Our work is child’s play

THE Puffin ward in the children’s unit, Cork University Hospital, (CUH) is busy.

Curtains are drawn tightly around beds as medics complete their rounds, a nurse rejigs the staff schedule, and a Thomas the Tank Engine meal trolley stands in the corridor, to serve dinners to the children of the 78-bed unit. A little girl in multi-coloured pyjamas hurries past holding a board game, determined to reach the playroom before it closes for the evening.

Grace Mullane, 7, has cystic fibrosis (CF) and frequents the playroom, which is run by the Children in Hospital (CHI) volunteers.

“Grace can spend weeks on end in the hospital. If the playroom wasn’t there, she wouldn’t stay. She really loves the play room, especially the painting activities there. It’s a big room full of toys, what child wouldn’t like it?” says her mother, Margaret.

“It gives you peace of mind, that when you go away your child will be getting some attention. I’m pregnant, and while I went for my scans she was happy, out in the playroom with the volunteers — that’s all that any child really wants,” she says.

Grace contracted an infection and was admitted to a single room for one night. “She was meant to be in isolation, but she won’t stay there for long. She’s very active and won’t stay still for a second. She’s not used to sitting in a room, cooped up and being quiet.”

Established 40 years ago, Children in Hospital Ireland (CHI) is a voluntary service that provides play and activities for children in hospitals. The charity has 400 volunteers in 20 hospitals.

“Play is so important for children in hospital, because it gives them something normal and familiar to do when they’re there in an abnormal, foreign situation. Having toys, and interacting with other children, allows them just to be children, and not just patients,” says CHI chief executive officer, Mary O’Connor.

“A lot of the time, parents feel that they can’t leave their child’s bedside because the child will fret. Whereas, if a child is happily occupied doing an activity, it gives the parents a break to go for a coffee or a walk or a shower. It’s very important to give parents the essential break from being at the bedside all the time.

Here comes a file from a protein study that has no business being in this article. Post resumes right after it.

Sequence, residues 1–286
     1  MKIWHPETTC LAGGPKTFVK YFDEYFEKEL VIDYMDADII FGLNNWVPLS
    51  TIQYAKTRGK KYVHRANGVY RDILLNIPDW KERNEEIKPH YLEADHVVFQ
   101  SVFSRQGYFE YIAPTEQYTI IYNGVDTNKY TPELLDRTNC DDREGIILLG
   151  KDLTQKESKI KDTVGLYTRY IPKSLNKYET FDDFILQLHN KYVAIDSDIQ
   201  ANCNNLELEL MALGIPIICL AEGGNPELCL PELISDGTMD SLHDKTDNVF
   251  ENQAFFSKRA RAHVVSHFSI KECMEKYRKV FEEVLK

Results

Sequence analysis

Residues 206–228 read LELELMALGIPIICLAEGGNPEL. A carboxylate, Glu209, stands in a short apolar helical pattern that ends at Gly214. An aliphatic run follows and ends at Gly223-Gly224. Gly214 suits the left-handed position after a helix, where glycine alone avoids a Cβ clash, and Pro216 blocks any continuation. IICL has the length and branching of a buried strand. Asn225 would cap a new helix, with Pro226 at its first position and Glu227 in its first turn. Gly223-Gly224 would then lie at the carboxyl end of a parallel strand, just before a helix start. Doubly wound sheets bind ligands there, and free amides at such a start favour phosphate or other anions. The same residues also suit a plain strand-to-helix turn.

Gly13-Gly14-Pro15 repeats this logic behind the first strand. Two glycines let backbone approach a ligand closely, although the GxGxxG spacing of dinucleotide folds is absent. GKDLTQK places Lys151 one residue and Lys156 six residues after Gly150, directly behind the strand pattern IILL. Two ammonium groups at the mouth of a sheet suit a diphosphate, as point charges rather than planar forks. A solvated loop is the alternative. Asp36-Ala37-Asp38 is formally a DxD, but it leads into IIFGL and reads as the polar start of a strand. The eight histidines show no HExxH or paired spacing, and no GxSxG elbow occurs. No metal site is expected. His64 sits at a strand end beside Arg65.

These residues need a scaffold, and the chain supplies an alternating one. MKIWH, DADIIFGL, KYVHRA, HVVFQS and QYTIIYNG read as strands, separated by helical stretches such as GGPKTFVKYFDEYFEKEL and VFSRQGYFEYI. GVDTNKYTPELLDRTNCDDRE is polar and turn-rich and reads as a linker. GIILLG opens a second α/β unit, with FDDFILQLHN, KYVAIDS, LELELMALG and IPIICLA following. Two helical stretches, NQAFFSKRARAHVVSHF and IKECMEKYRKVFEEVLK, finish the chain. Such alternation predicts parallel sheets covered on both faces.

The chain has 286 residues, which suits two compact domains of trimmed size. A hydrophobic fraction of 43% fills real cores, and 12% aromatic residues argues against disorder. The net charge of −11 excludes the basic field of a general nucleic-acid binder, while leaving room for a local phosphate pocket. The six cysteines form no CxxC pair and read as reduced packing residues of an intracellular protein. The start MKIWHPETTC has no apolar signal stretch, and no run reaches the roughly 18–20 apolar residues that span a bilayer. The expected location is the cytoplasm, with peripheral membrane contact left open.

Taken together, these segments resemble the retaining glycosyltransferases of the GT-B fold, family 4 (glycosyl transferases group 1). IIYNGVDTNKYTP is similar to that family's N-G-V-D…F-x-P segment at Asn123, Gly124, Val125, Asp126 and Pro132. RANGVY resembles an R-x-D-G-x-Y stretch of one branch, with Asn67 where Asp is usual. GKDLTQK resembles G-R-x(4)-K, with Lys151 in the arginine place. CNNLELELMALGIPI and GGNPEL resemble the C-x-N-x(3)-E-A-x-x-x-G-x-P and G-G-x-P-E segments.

“In the 1970’s hospital was a pretty grim place for children. If a child had to go into hospital, the parents were more or less told that staff would let them know when the child was ready to go home. The parents were discouraged from being there, because it was thought it was too upsetting and that the children would settle better if the parent wasn’t there. Children were actually withdrawing from the horror of being in such a position,” says O’Connor.

Nuala Newton works as a CHI PlayWell volunteer in Cork University Hospital, for two hours, once a week.

“I like volunteering and I get great satisfaction from it. The playroom is a place where children feel safe and relaxed. It is used as a distraction and helps the child deal with the hospitalisation,” says Newton, a special needs assistant in a primary school, who also volunteers as a National Adult Literacy Agency (NALA) tutor for adults with literacy difficulties.

“The children come down to the playroom in the morning, and go back to the ward for lunch, and come straight back afterwards. They’d often be outside waiting for the playroom to open.

“I love doing arts and crafts with them, and I bring ideas from my school, too, and they love that. They’re delighted when they come in, because there’s so much to play with, and, often, the children don’t want to leave the hospital, because it’s like Smyth’s toy store here in the playroom.

“Role play is vital for children. They can be whatever they like when they’re role-playing, be it a doctor, nurse, teacher or a shopkeeper. They can forget why they’re here and it takes their mind off the medications or the IV lines in their hands. They’re not afraid to come back to the children’s unit, because they’ve such a good time playing,” says Newton.